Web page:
The James Webb Space Telescope continues to amaze.
“Stunning,” “incredible,” a “dreamlike jewel” — and better than expected — are some of the reactions to the latest images from the $10 billion telescope, which captured detailed views of Jupiter’s climate and auroras.
“We’ve never seen Jupiter like this. It’s all quite incredible,” said Imke de Pater, a planetary astronomer and professor emerita at the University of California, Berkeley, in a statement. “We hadn’t really expected it to be this good, to be honest.”
What did the James Webb Space Telescope capture?
The images from Jupiter show:
- Light displays and haze: Bright auroras at the southern and northern poles of the planet, and “hazes swirling around” those poles, according to NASA.
- Storms and clouds: A white image of the Great Red Spot — “a famous storm so big it could swallow Earth,” according to NASA — which “indicates high altitude,” according to Heidi Hammel, a Webb interdisciplinary scientist. “The numerous bright white ‘spots’ and ‘streaks’ are likely very high-altitude cloud tops of condensed convective storms.”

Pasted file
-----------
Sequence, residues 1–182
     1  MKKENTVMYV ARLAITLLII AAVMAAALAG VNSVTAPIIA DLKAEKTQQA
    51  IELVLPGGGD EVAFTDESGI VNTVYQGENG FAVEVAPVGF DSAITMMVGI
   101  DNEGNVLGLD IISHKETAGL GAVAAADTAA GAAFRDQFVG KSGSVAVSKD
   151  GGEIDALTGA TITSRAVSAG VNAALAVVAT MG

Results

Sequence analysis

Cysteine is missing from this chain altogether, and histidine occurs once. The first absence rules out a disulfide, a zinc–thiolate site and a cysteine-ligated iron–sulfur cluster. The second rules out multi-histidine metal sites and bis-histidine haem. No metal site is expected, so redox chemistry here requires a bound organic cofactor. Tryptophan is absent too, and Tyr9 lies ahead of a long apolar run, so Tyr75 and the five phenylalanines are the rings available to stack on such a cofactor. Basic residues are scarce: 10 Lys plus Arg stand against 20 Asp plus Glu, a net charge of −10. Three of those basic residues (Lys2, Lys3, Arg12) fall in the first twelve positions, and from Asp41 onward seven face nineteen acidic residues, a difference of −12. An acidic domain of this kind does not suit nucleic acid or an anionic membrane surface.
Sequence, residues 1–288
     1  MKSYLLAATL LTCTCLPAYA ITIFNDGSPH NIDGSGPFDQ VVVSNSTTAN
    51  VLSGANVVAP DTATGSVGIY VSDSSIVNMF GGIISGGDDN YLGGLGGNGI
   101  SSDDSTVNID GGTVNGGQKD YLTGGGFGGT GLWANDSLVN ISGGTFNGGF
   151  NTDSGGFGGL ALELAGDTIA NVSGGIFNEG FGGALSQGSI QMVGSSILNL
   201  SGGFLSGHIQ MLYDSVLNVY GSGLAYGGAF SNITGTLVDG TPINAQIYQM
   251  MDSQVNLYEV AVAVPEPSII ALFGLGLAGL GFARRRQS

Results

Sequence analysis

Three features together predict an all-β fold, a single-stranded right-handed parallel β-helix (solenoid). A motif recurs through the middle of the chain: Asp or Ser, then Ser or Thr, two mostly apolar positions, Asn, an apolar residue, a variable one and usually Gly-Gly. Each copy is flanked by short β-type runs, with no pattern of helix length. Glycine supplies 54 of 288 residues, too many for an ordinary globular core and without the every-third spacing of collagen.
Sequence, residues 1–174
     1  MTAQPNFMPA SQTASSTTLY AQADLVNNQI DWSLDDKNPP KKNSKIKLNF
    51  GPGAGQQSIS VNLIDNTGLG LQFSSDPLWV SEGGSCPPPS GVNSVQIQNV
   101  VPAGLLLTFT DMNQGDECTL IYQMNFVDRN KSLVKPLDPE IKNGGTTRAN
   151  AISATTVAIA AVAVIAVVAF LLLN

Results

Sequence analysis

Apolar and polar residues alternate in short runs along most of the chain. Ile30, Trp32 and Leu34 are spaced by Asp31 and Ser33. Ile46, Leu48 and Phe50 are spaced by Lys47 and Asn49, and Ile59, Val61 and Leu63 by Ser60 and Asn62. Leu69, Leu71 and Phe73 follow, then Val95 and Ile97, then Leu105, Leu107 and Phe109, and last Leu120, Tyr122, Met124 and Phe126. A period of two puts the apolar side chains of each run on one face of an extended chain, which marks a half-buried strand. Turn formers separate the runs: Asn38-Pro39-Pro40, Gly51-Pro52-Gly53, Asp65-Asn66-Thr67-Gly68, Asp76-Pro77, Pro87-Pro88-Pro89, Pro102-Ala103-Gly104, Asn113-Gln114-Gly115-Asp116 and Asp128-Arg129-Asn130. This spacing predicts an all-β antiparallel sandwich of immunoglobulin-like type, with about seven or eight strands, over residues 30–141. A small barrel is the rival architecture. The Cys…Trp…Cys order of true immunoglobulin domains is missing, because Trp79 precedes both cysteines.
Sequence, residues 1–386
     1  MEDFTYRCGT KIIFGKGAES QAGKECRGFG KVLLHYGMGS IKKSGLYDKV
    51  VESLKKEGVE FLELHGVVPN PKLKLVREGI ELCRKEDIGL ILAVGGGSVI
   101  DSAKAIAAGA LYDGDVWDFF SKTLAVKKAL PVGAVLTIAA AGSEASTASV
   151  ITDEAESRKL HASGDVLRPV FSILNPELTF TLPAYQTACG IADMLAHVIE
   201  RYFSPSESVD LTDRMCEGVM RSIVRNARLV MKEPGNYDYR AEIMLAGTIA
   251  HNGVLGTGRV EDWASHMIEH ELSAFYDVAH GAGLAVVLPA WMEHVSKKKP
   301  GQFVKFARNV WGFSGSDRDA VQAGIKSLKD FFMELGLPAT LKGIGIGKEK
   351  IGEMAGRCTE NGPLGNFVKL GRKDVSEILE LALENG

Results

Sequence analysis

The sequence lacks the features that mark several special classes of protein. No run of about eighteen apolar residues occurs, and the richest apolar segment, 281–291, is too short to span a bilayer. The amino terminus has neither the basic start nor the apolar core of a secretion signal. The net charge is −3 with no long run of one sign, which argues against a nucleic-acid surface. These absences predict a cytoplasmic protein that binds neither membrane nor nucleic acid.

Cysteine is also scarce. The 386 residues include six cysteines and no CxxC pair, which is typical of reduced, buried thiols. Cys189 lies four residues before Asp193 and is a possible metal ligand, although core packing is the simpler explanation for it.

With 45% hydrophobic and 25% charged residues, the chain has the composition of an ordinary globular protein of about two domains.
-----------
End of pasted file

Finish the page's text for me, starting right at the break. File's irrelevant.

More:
- Rings and ‘photobombing’ galaxies: A wide-field view of the planet shows what NASA describes as Jupiter’s “faint rings, which are a million times fainter than the planet, and two tiny moons called Amalthea and Adrastea. The fuzzy spots in the lower background are likely galaxies ‘photobombing’ this Jovian view.”
“It’s really remarkable that we can see details on Jupiter together with its rings, tiny satellites, and even galaxies in one image,” de Pater said.
What and where is Webb?
- NASA’s James Webb tracker shows the telescope’s progress from launch in December to the release of the first images in July. The steps have included deployment, cooldown and instrument commissioning.
- The James Webb Space Telescope is the more advanced and capable successor to the Hubble Telescope, which is still in operation.